In addition to physiological or animal needs, people are motivated by five distinctively human needs—relatedness, transcendence, rootedness, a sense of identity, and a frame of orientation. These needs have evolved from human existence as a separate species and are aimed at moving people toward a reunion with the natural world. Fromm believed that lack of satisfaction of any of these needs is unbearable and results in insanity. Thus, people are strongly driven to fulfill them in some way or another, either positively or negatively.
Table 7.1 shows that relatedness can be satisfied through submission, domination, or love, but only love produces authentic fulfillment; transcendence can be satisfied either by destructiveness or creativeness, but only the latter permits joy; rootedness can be satisfied by either fixation to the mother or by moving forward into full birth and wholeness; the sense of identity can be based on adjustment to the group, or it can be satisfied through creative movement toward individuality; and a frame of orientation may be either irrational or rational, but only a rational philosophy can serve as a basis for the growth of total personality (Fromm, 1981).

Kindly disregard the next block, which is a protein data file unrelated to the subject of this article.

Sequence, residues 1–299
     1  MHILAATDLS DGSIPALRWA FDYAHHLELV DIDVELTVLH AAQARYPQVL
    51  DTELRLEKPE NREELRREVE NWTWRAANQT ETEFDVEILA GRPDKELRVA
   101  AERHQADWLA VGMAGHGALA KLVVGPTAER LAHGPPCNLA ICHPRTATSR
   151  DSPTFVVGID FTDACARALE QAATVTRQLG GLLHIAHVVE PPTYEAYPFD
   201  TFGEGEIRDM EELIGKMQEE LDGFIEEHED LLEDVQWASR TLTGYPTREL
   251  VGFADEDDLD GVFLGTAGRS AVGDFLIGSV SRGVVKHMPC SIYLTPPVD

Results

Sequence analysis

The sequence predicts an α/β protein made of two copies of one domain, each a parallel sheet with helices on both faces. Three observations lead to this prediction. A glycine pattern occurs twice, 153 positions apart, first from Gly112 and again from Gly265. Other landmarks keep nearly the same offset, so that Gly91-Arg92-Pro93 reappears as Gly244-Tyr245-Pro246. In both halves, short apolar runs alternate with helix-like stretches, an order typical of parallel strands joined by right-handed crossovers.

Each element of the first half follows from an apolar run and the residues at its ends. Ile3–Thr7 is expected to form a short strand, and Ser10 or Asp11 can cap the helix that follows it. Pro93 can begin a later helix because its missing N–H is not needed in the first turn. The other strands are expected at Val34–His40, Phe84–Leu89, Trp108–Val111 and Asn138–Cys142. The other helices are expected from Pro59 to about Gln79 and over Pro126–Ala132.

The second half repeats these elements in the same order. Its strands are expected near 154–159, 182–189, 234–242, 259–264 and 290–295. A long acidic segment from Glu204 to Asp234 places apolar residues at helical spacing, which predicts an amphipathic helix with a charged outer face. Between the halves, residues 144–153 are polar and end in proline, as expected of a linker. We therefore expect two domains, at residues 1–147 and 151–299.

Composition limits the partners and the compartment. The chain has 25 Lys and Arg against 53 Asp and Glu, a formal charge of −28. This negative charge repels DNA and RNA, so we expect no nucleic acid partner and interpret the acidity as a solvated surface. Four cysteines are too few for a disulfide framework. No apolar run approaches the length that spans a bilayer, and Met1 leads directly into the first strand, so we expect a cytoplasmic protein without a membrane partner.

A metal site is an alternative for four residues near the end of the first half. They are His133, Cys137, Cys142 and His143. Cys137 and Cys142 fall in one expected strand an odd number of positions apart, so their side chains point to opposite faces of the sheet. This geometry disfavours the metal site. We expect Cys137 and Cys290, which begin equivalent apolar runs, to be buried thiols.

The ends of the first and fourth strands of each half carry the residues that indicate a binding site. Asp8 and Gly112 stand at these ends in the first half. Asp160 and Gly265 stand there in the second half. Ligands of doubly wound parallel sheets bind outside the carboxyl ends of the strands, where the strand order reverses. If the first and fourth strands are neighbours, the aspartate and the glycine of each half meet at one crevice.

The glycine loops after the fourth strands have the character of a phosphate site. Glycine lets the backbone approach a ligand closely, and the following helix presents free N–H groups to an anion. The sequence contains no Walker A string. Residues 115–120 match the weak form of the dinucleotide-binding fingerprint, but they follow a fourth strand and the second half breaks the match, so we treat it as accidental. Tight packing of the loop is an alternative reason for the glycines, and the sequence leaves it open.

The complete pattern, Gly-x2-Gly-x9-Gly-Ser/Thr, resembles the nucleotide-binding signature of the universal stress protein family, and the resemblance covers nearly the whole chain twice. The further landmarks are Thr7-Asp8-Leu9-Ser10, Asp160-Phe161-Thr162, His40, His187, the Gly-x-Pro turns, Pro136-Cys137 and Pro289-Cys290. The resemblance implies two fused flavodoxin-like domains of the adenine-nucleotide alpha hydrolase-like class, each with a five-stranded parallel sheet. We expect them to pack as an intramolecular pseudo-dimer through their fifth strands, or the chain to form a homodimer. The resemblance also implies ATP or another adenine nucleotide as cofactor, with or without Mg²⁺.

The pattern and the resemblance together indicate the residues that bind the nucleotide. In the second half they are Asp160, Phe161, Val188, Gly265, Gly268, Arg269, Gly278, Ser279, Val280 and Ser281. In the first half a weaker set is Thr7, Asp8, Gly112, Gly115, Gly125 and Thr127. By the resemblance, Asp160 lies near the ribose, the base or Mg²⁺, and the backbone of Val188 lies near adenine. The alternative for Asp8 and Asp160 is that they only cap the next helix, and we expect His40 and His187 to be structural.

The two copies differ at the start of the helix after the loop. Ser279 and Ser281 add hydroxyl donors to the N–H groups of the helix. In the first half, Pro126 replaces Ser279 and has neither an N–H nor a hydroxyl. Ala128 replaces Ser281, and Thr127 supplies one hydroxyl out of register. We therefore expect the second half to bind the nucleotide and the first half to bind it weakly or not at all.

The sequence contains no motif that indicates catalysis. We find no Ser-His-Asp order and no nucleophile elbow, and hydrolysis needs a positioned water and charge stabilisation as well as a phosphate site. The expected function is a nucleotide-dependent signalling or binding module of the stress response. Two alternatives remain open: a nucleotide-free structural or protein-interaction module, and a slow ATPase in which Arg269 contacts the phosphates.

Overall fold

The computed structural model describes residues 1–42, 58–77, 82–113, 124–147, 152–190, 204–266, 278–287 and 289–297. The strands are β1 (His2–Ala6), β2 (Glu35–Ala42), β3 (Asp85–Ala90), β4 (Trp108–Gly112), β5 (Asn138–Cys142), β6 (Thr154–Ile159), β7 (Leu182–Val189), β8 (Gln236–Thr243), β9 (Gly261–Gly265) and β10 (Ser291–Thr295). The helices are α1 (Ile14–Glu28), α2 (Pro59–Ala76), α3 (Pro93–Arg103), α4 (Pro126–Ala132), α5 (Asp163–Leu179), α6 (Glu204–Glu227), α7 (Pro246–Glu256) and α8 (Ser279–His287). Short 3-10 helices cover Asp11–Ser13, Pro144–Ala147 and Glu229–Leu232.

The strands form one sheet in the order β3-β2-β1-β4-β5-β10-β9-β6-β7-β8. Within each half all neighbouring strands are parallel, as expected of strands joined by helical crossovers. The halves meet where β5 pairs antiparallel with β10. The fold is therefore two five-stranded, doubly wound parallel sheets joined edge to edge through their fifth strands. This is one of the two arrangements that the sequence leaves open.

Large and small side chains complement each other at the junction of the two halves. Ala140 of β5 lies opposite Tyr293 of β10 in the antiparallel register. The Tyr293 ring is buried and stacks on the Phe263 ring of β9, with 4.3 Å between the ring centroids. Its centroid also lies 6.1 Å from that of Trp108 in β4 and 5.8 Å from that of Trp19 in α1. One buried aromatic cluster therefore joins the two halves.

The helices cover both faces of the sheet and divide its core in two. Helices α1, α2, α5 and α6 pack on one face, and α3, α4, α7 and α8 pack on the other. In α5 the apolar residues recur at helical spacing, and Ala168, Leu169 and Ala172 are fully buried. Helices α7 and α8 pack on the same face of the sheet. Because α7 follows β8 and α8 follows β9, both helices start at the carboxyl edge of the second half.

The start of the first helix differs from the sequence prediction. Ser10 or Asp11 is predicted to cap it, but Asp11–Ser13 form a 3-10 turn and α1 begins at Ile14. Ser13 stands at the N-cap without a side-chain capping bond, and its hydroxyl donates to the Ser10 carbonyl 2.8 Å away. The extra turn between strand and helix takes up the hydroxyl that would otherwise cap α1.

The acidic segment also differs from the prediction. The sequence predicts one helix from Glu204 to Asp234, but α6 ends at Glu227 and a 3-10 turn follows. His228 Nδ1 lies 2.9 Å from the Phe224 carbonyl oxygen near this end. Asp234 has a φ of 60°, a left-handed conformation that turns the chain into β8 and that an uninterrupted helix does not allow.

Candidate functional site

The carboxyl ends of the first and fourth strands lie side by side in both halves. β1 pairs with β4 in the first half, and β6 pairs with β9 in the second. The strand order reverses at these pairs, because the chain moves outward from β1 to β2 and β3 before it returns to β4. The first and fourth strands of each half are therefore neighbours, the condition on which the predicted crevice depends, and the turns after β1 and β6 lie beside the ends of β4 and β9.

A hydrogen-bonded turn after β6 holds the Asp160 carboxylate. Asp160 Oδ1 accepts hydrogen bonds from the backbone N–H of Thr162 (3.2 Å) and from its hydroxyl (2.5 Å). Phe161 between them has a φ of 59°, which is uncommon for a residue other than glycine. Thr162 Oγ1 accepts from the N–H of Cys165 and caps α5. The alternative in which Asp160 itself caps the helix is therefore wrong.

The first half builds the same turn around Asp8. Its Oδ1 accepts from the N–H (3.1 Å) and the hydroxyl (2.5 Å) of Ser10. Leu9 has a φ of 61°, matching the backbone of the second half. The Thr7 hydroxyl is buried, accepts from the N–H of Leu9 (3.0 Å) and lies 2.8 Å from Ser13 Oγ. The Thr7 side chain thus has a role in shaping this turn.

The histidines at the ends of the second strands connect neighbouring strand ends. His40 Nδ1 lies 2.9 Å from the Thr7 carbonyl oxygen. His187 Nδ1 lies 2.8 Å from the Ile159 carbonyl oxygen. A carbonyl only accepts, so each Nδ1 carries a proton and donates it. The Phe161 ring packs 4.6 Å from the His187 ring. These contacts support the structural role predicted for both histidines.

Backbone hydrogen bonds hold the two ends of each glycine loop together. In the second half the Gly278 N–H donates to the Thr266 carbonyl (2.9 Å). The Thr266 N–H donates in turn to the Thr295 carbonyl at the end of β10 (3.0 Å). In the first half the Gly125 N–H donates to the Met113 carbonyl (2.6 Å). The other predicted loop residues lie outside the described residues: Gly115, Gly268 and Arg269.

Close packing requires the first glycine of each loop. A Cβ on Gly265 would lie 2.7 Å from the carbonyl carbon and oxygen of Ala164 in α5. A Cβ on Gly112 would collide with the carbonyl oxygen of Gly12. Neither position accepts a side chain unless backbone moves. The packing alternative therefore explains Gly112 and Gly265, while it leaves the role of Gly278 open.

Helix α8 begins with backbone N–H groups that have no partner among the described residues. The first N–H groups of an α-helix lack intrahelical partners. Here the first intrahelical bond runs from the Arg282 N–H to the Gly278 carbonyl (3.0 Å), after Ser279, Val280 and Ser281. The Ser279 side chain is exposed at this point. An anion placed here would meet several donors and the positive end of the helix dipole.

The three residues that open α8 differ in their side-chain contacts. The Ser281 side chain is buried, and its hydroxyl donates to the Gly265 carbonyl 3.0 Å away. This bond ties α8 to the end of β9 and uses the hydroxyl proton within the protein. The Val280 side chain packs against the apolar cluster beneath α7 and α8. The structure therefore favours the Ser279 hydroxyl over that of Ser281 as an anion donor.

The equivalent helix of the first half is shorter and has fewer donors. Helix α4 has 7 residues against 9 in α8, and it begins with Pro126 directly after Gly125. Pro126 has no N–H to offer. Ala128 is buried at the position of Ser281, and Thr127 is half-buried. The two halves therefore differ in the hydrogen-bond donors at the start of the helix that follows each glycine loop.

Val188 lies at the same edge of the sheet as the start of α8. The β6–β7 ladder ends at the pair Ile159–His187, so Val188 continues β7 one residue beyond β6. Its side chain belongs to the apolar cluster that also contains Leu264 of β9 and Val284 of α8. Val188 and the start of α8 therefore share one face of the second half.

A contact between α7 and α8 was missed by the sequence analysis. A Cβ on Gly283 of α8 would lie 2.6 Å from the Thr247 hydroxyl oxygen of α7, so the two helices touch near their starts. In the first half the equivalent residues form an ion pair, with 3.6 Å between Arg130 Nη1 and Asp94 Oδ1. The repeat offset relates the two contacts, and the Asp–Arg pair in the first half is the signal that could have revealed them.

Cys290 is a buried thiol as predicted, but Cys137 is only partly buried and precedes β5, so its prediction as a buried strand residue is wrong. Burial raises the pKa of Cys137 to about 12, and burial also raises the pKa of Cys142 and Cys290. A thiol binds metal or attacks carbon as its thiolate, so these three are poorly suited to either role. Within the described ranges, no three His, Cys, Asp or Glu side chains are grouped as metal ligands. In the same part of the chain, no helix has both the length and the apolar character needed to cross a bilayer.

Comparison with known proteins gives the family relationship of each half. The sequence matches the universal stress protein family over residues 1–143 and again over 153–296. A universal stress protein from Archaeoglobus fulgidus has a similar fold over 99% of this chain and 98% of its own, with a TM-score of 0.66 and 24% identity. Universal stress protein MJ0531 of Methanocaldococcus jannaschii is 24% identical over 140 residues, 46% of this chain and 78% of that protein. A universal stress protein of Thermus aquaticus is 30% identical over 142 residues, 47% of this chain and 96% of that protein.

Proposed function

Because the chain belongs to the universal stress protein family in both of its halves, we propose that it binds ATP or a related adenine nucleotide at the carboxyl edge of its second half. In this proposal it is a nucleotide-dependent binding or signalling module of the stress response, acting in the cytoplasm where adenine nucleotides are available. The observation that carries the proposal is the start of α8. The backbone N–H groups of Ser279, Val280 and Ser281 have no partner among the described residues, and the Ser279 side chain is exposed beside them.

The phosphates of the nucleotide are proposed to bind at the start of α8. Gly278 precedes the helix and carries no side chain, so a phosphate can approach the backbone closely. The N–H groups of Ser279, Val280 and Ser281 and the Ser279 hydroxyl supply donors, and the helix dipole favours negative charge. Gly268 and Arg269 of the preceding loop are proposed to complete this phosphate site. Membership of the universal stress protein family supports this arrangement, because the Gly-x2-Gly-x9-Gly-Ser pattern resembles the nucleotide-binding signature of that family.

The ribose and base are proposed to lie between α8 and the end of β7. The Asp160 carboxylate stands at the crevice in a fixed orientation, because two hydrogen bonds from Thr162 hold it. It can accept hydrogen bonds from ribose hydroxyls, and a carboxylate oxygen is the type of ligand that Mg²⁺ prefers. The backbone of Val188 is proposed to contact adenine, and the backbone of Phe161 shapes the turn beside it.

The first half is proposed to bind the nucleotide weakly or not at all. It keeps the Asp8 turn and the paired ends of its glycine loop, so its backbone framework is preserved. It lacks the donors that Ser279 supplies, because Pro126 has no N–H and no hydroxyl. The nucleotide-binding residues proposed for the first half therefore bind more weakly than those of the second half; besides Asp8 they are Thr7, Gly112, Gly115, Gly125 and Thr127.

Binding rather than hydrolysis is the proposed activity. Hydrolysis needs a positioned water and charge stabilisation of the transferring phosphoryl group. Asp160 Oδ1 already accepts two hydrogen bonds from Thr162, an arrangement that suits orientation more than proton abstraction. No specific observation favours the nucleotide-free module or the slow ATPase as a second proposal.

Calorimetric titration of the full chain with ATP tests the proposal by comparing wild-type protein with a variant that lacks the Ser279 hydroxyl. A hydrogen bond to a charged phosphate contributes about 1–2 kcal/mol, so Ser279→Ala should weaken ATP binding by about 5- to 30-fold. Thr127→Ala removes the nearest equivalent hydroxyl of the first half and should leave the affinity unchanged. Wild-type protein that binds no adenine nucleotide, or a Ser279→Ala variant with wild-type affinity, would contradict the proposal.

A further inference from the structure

194 Part II Psychodynamic Theories
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